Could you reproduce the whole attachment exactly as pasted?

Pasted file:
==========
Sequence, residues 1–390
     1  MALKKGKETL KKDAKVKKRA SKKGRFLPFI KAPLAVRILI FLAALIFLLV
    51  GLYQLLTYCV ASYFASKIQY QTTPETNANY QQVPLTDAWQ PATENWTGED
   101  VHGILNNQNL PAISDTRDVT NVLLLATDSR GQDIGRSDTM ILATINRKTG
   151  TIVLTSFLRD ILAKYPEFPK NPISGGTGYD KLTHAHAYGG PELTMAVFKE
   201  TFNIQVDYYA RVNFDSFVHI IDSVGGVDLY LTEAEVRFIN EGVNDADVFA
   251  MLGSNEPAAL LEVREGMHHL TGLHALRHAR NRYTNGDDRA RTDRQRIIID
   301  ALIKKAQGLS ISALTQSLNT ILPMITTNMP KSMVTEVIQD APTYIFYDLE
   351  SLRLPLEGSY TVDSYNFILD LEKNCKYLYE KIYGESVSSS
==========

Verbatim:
Sequence, residues 1–390
     1  MALKKGKETL KKDAKVKKRA SKKGRFLPFI KAPLAVRILI FLAALIFLLV
    51  GLYQLLTYCV ASYFASKIQY QTTPETNANY QQVPLTDAWQ PATENWTGED
   101  VHGILNNQNL PAISDTRDVT NVLLLATDSR GQDIGRSDTM ILATINRKTG
   151  TIVLTSFLRD ILAKYPEFPK NPISGGTGYD KLTHAHAYGG PELTMAVFKE
   201  TFNIQVDYYA RVNFDSFVHI IDSVGGVDLY LTEAEVRFIN EGVNDADVFA
   251  MLGSNEPAAL LEVREGMHHL TGLHALRHAR NRYTNGDDRA RTDRQRIIID
   301  ALIKKAQGLS ISALTQSLNT ILPMITTNMP KSMVTEVIQD APTYIFYDLE
   351  SLRLPLEGSY TVDSYNFILD LEKNCKYLYE KIYGESVSSS